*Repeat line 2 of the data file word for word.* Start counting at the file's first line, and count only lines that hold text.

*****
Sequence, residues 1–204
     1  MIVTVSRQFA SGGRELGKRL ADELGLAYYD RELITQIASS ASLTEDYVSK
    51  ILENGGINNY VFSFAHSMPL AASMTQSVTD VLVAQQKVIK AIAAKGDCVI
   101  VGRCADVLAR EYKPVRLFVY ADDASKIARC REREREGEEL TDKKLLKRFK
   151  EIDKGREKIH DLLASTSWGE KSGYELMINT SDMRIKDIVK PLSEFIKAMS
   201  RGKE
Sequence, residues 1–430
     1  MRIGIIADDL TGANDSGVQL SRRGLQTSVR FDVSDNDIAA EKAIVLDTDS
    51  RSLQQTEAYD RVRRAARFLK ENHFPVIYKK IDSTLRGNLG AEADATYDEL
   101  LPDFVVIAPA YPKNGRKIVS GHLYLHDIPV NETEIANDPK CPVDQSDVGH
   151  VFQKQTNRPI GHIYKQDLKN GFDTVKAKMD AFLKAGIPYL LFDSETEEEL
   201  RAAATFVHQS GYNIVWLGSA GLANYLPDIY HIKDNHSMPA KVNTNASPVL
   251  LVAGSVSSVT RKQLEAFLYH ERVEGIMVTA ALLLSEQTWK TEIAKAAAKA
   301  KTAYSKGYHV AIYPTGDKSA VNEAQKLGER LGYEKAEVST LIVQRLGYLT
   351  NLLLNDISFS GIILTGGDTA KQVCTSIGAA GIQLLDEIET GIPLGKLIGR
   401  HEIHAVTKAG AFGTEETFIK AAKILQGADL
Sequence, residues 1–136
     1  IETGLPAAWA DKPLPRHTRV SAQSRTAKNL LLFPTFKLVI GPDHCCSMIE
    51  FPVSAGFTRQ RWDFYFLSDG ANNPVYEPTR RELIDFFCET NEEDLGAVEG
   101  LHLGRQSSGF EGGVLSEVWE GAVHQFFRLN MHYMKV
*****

     1  MIVTVSRQFA SGGRELGKRL ADELGLAYYD RELITQIASS ASLTEDYVSK